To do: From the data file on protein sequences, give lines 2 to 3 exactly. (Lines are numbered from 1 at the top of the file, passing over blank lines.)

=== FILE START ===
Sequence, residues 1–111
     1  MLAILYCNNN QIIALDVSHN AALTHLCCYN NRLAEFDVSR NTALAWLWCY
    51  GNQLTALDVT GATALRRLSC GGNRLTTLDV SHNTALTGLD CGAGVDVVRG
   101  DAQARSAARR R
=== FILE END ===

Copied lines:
     1  MLAILYCNNN QIIALDVSHN AALTHLCCYN NRLAEFDVSR NTALAWLWCY
    51  GNQLTALDVT GATALRRLSC GGNRLTTLDV SHNTALTGLD CGAGVDVVRG